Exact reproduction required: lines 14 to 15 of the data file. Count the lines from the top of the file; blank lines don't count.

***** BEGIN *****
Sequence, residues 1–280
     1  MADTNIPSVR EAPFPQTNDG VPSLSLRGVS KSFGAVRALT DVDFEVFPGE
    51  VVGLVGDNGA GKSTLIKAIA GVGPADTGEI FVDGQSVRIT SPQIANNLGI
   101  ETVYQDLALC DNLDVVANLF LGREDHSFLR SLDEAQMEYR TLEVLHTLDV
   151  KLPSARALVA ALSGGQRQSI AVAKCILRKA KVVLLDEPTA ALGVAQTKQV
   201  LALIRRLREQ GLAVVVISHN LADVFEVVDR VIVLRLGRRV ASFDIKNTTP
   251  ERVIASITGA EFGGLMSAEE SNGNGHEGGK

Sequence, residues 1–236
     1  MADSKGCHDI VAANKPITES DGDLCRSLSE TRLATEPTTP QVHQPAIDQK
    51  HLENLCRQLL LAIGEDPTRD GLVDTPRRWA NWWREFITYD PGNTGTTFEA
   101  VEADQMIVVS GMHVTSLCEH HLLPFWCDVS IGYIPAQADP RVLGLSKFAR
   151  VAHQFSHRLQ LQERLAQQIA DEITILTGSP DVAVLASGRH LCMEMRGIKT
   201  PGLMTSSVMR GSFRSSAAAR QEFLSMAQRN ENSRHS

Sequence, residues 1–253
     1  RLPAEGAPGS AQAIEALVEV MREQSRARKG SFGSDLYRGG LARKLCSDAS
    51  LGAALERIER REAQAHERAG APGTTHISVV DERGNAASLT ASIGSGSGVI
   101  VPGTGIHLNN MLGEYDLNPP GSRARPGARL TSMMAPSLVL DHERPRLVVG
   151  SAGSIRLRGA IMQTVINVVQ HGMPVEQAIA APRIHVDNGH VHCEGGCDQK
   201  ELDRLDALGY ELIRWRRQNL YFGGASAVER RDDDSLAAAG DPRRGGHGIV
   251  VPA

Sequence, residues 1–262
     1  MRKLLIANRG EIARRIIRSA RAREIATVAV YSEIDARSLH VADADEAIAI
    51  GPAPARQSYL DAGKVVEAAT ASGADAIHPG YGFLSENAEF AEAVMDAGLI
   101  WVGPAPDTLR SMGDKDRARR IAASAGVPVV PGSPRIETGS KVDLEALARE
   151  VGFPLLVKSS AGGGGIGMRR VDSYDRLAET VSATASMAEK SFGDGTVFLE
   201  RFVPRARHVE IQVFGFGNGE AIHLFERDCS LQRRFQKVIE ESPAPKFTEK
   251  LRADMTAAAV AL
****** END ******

Sequence, residues 1–253
     1  RLPAEGAPGS AQAIEALVEV MREQSRARKG SFGSDLYRGG LARKLCSDAS